Wednesday, July 26, 2006

Bird nest

Sometimes I wonder if eating bird nest everyday will make a difference to my skin, or health. I don't think it is scientifically proven that it does. But proven or not, eating bird nest in the Chinese community is something luxurious in the past. And still is.

Birdnest aka "Yin Woh" is actually the harden sparrow sliver. "Yin" is the sparrow, "Woh" the sliver. The sparrow will actually use its saliva to to form a nest before laying its eggs. There are many types of sparrow; some makes their nest with their sliver and grass. The one what we eat and "hunt" for are the once made with sliver.

The dried bird nest you see in the shops are actually processed. The real "fresh" bird nests are actually very dirty with dirt, dust, feathers and fesis. And smells really bad too! These bird nests can be "harvest" and picked from caves where the sparrows lives. But these days, there are many locations where buildings are built or converted for sparrows (to live in), making a profitable business for one who wants to "produce" bird nest.

If you come across any of these "producers", try buying their "fresh" bird nest. It's 100% pure, but I'm not really sure you will dare eat it after seeing the "freshness" of the bird nest you will be eating. :P

For reselling, the bird nest are actually weighed and rearranged in a mold. Beaching maybe done to make the bird nest look cleaner (bleaching agent maybe bad for health) and starch is added to make the bird nest stick together. The prices of bird nests depends on their weight, type of bird nest "the strength of the sliver", and the species of the sparrow. If you notice, there are some sparrow nests that are orange in color. This is because of the different species of sparrow that feed on different food (seafood I think). This species of sparrows are called "Huit Yin" (blood sparrows). And of course, the more starch added, the cheaper the bird nest.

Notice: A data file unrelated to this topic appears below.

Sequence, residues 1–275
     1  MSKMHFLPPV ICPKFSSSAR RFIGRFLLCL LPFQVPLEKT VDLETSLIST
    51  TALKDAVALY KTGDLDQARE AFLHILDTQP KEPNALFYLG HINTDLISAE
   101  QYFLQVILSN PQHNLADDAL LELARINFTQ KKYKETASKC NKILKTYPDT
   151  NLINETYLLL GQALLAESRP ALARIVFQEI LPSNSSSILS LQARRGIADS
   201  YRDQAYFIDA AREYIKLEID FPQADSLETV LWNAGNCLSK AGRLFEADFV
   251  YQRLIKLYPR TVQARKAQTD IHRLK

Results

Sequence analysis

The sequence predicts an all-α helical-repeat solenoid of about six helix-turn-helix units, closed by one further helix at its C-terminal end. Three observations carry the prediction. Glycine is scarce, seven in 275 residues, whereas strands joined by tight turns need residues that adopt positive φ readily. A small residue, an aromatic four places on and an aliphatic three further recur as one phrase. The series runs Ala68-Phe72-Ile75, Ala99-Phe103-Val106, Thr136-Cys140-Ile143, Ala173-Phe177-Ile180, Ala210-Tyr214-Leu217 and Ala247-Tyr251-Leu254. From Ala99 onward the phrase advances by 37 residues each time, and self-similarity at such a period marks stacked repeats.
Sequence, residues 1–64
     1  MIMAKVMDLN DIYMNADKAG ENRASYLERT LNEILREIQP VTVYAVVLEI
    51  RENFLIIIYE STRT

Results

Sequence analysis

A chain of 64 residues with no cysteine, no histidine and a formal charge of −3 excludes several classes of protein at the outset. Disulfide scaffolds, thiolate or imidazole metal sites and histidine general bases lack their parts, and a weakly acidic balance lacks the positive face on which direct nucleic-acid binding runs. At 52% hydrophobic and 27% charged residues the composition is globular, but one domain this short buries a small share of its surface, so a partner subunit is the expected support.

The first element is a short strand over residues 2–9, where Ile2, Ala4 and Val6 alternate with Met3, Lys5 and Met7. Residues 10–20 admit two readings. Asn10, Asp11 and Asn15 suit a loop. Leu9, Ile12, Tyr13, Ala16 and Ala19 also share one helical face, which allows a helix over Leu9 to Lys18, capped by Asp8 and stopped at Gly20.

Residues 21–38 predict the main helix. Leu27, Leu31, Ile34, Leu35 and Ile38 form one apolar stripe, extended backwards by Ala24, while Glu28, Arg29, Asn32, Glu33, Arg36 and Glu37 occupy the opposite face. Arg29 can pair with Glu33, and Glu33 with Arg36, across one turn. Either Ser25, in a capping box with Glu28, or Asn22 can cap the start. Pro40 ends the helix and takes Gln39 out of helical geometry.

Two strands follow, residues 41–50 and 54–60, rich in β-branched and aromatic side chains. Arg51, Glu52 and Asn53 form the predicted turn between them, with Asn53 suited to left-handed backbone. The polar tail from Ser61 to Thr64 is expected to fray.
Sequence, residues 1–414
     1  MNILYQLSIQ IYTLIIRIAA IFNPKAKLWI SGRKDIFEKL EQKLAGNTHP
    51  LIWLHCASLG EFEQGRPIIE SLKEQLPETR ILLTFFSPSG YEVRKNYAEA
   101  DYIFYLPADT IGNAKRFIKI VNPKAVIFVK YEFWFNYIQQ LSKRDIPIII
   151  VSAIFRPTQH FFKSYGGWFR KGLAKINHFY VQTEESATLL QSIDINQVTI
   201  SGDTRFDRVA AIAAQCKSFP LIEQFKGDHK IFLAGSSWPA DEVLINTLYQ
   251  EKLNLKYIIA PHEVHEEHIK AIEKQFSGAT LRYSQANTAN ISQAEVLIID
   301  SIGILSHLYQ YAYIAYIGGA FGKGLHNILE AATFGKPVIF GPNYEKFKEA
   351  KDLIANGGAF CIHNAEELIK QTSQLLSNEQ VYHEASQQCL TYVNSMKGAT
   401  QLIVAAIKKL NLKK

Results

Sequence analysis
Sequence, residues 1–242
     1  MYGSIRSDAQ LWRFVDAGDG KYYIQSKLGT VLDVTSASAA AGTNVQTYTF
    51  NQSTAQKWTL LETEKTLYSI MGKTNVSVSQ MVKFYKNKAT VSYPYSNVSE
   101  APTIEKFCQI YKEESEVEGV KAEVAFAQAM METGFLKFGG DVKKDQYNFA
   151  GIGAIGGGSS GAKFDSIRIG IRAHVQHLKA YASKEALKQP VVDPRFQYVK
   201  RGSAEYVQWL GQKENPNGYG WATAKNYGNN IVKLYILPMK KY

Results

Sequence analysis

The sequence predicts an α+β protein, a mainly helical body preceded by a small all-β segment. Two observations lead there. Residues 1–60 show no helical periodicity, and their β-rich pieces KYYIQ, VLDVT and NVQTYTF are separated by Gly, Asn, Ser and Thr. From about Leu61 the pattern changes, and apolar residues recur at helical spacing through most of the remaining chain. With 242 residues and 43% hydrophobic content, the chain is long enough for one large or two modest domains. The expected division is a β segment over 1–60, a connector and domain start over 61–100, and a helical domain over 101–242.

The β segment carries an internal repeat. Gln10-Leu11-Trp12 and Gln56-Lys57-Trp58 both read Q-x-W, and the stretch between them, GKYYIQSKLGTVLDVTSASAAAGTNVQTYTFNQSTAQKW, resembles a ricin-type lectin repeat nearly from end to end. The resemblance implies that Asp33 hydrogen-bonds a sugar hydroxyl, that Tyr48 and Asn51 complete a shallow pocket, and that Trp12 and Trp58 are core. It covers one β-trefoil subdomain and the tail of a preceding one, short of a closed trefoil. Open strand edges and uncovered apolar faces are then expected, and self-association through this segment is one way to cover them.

Here's how you clean, and make a nice bowl of bird nest.

Cleaning a "fresh" bird nest;
1. Mix 1/4 bowl hot water with 3/4 cool water.
2. Soak the bird nest in the bowl of water for 2 hours, or until soften.
3. Rinse out the dirt and feathers.
4. Repeat step 1 and 2 for a few more rounds until all external dirt is removed.
5. Use a toothpick or a tweezers to handpick the dirt stuck inside the bird nest. You will have keep changing the water and keep washing the bird nest while doing this.
6. Soak and separate the cleaned sections in another bowl or water.
&. Drain water when completed. Ready to be cooked.

Cooking bird nest;
- soften bird nest (soak in cool water for a few hours)
- sliced ginseng roots (or any type of Chinese herbal root)
- red dates or kei chee
- white rock sugar

1. Boil a pot of water and boil dates, kei chee and ginseng roots.
2. Transfer the water into a slow cocker and add white rock sugar.
3. Cook for 2 to 3 hours depending on amount. Add in bird nest 25 minutes before the hour ends.
4. Serve hot, or cold.

Best eaten hot with an empty stomach in the mornings as breakfast with a cup of ginseng. No guaranties that you will live long or have beautiful skin though :P

Tip: You will most probable spend hours cleaning the bird nest, but be patience. Don't overcook your bird nest as it will soften and melt. Add more ginseng if you can't stand the fishy smell of the bird nest. The fishy smell is stronger on higher grades bird nest especially the orange ones..

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4 pieces of worms:


How informative! I've never had the orange coloured ones yet. Been throwing everything (bird nest + herbs)in a lidded jar, double boils for 4 hours and having it after dinner. Maybe that's why skin still not 'pak-suit-suit, wat-luit-luit'-lar.


tummythoz: if really want 'pak-suit-suit, wat-luit-luit'have to take birdnest every morning man... $$$$$


I use birdnest to gargle my mouth in the morning leh.... :p


hijackqueen: hahahaha i only wish i could do that

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